Jonathan Stevenson’s biography of the turncoat CIA officer Philip Agee leaves the reader with an unexpected appreciation for the durability of the republic. One finishes his fine book thinking it was something of a miracle that America survived the 1970s and ultimately won the Cold War. The Agee controversy was just a single data point during a decade that began with the shootings at Kent State and ended with the Iranian hostage crisis and the Soviet capture of Afghanistan. But his story illustrates the moral exhaustion of post-Watergate and pre-Reagan America.

Agee is best known for his 1975 book, Inside the Company, a memoir of his tour as a spy in Latin America. The CIA, Agee says, were the bad guys, and he offers a harrowing portrayal of how the Cold War was fought in the shadows. Agee claims in the book that he overheard a man being tortured as he briefed a security chief in Uruguay about an insurgency in his country. He writes about how he arranged for death squads to be trained in Panama. He says he put his own dog in a coma to test a knockout drug he would later use to subdue guard dogs at a foreign embassy.

Agee was not the first CIA man to write a critical memoir, but he was the first to publish the identities of the agency’s assets, agents, and fellow officers he had once promised to protect. This was an act so treacherous that nearly 40 years after Agee’s disclosures, former NSA contractor Edward Snowden went out of his way to explain why none of the material he handed to journalists would compromise the cover of agents in the field—why, in other words, he was not Philip Agee.

If Agee had just said his piece and moved on, his story would have been a black eye for the CIA. But he actually switched sides. He didn’t seek the reform of the CIA; he sought its destruction. After his book, he helped found a publication, Covert Action Information Bulletin, which would go on to publicize the identities of “some 2,000 CIA officers, agents and other assets,” according to Stevenson. He would later co-author two more books dedicated to identifying CIA officers and agents in Europe and Africa.

These days the word “traitor” is thrown around too casually. But Agee’s actions in the late 1970s really do fit the constitutional definition of treason. First, he was giving aid and comfort to America’s enemies in the middle of a Cold War against international Communism, and he endangered the lives of Americans and foreigners who were fighting it. Second, Stevenson demonstrates that while it’s probably untrue that Agee was actively an agent of Cuban intelligence, he clearly was their asset, willing to help them when he could and also drawing on their assistance.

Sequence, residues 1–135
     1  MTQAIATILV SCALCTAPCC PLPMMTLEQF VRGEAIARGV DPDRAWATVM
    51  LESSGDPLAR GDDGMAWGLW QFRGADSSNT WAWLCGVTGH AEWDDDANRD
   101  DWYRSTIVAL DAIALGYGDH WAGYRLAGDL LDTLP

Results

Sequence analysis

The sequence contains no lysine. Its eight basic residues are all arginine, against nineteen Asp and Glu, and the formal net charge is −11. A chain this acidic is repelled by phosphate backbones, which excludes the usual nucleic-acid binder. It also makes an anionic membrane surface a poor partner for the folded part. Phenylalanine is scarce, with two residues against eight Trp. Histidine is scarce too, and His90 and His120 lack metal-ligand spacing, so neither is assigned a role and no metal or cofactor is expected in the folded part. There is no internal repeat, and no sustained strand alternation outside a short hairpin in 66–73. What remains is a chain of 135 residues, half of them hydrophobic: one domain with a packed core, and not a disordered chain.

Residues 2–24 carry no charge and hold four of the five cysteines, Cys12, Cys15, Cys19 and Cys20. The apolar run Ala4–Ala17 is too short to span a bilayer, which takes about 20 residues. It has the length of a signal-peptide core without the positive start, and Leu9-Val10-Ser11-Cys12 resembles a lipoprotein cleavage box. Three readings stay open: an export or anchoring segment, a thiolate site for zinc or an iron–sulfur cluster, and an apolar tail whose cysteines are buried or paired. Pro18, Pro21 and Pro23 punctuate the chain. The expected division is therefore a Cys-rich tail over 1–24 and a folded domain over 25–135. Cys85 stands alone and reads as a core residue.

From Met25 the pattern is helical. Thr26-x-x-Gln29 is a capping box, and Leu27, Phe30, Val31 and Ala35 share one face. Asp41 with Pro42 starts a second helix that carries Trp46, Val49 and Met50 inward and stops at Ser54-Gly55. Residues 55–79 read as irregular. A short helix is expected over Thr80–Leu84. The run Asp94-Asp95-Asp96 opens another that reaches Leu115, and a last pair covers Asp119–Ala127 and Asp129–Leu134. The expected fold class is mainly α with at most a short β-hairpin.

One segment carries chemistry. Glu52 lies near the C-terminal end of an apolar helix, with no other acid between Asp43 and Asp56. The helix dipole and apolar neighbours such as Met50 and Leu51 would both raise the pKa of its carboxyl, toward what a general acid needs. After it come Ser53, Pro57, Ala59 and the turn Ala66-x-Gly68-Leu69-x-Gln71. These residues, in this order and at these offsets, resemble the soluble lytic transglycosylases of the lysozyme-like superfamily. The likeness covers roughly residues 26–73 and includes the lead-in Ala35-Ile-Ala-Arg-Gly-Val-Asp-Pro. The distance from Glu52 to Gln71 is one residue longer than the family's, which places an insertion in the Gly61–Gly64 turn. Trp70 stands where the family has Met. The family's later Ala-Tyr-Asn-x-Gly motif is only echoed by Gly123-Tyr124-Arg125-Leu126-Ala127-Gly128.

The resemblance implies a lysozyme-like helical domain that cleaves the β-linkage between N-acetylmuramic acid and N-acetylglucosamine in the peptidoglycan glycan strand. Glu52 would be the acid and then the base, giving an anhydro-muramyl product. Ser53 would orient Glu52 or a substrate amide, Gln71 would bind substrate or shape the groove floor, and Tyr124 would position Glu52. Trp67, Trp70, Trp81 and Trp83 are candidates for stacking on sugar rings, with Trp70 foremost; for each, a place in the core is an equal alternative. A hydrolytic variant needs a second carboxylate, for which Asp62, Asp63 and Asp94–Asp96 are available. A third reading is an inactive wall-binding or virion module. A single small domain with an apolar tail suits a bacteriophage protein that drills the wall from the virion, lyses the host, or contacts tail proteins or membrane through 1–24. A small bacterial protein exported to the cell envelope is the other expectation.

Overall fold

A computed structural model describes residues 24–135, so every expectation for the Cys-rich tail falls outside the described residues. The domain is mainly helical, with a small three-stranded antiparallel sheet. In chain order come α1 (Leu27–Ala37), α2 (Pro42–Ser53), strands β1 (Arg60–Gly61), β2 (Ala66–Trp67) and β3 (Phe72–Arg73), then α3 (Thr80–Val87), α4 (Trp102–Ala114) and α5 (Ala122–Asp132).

Agee committed his crimes with a brazen flair as well. He taunted the CIA, acknowledging that he spent months in Cuba to do “research” for his book. He traveled to Moscow, allegedly to negotiate the rights to the Russian edition of his book. He corresponded with Weather Underground felon Kathy Boudin and offered to testify on behalf of Red Army Faction terrorist Ulrike Meinhof at her trial. In this respect, Agee was a sinister version of the character played by the late Charles Grodin in the movie Midnight Run—a former mob accountant who would occasionally send postcards to the Mafia boss about how he was spending the money he had stolen from him.

In 1976, for example, Agee flew to Jamaica to give a press conference, on the eve of national elections, outing nine alleged CIA officers operating out of the U.S. Embassy in Kingston. “He aimed to strip the agency bare,” Stevenson writes. During the press conference, he not only provided their names, he also disclosed their home addresses and telephone numbers. In the magazine Counterspy, he published a photo and name of the CIA’s top liaison with British intelligence, leading the UK government to deport him. After Iranian fanatics seized the U.S. Embassy in Tehran in 1979, Agee publicly and privately offered the hostage-takers his services to negotiate their release in exchange for all U.S. files on CIA activities in Iran under Shah Reza Pahlavi.

These stunts should have made Agee toxic to the respectable international left. But this was not the case. Gabriel Garcia Marquez, then the leading writer in Latin America, invited him to testify in a mock war-crimes tribunal on political repression. Jean-Paul Sartre published an essay by Agee in his publication Les Temps Modernes.

After proceedings began in the United Kingdom that ultimately led to Agee’s expulsion from that country in 1977, 150 members of Parliament signed a motion of protest, including future foreign secretary Robin Cook. The mother of chess champion Bobby Fischer staged a 10-day hunger strike in front of Whitehall. Morton Halperin, once an aide to Henry Kissinger and later a founder of the George Soros–funded Open Society Institute, made an impassioned plea on Agee’s behalf at Central Hall, Westminster. (Halperin would later lose his nomination battle to join the Clinton administration in part because of his Agee advocacy.) Decades later, former California Governor Jerry Brown and former President Jimmy Carter would use Agee’s Havana-based travel agency for visits to Cuba. Carter’s visit was particularly ironic since his administration had revoked Agee’s U.S. passport in 1979.